When I peed on that stick (What I didn’t know then.)

When I peed on that stick, and, miracle of all miracles, got two lines to appear, I knew that I wanted to be a mother.
I knew that my life was only beginning
and that in living my dream, I would find joy and love like I’d never before imagined.
I knew all of that.
But then, there were also things that I didn’t know.
So. Many. Things.
Basically, all the things that I have done in the past 6 hours, since I first woke up this morning.
Today, I saw my child sick.
And when the emergency care nurses on the phone line told me that she could be seen by her Pediatrician, but only if I could make it there in 15 minutes, I ran…
….to get ready. Ran to throw on clothes over my pajamas. Ran to my sick daughter.
Today, as I raced to get out the door, I had to ignore the fact that my daughter had gotten sick all over my bed.
All over her beloved stuffed animal.
All over my shirt.
Today, I put a fresh shirt over my disgustingly dirty shirt, to get to the Pediatrician on time.
Today, I didn’t make it on time.
Today, I managed to make it to the other doctor’s office just in time to wait an hour for her to be seen.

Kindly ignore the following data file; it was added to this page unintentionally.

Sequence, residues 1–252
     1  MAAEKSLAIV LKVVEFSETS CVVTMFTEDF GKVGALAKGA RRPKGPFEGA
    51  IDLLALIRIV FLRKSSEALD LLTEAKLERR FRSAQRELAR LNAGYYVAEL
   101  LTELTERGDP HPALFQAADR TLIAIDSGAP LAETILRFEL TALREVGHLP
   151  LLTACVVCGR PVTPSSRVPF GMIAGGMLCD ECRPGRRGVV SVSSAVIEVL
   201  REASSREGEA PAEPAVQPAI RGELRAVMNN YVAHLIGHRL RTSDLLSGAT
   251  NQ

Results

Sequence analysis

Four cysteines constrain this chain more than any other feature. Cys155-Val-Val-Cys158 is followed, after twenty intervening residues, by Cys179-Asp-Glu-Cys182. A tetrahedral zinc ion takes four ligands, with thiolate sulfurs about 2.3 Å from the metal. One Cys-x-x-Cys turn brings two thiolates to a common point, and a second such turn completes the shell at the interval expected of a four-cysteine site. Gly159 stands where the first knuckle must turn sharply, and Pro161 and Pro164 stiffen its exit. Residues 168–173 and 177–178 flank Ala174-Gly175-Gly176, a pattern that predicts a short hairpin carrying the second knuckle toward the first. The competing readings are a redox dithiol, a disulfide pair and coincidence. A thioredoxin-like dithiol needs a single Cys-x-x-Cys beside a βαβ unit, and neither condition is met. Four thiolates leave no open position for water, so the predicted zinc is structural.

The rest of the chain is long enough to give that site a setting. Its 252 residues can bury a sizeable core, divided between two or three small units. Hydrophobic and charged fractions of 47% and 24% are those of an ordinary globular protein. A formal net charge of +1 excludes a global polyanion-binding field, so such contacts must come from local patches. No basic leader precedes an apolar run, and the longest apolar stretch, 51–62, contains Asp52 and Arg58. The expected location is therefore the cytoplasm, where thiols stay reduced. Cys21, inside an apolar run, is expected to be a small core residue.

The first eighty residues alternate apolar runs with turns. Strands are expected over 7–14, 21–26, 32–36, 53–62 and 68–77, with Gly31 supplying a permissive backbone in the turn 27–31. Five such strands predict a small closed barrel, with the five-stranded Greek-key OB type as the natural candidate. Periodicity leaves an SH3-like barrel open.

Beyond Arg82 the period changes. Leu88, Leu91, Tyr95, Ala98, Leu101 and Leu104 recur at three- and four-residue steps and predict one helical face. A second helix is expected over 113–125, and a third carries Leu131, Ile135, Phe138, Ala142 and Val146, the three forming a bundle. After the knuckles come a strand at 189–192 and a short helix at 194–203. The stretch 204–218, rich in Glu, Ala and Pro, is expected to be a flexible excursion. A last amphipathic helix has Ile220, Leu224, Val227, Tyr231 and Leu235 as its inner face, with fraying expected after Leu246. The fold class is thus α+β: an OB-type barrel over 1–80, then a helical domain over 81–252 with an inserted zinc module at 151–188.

Today, I fought back tears.
Today, I told a Pediatric Nurse Practitioner that I did not agree with her plan. I told her that I thought she was wrong.
(Today, I was right.)
Today, I got my dehydrated daughter to drink one small cup of diluted Gatorade by squirting it in her mouth with a tiny syringe, one milliliter at a time.
Today, I did the laundry. And I didn’t mess it up.
Today, I couldn’t fight back the tears any longer.
No, when I peed on that stick and saw one line become two, I never imagined that I’d be sitting in a doctor’s office, with tears in my eyes, and knots in my hair, and poop on my clothing. I never imagined that motherhood, in all of its amazing, love-filled, beautiful glory could also, sometimes, feel
(and please excuse me for this/pun inteded)
pretty darn shitty.
But, I did it.
And after my shirt was changed
and hair was combed
and proper Pediatrician was called
and correct medicine was given
I held a sleepy, sick baby in my arms and read her a favorite book.
And sang to her.
You are my sunshine
I sang.
And, my little girl looked up at me,
her tired eyes half closed
and said “Sunshine”.
A new word.
And then I was OK again.
So what I didn’t know then,
way back when when we were just two people with two lines,
was that the little person that was beginning her journey with me
would be my sunshine;
and always, always make me happy when skies are gray.


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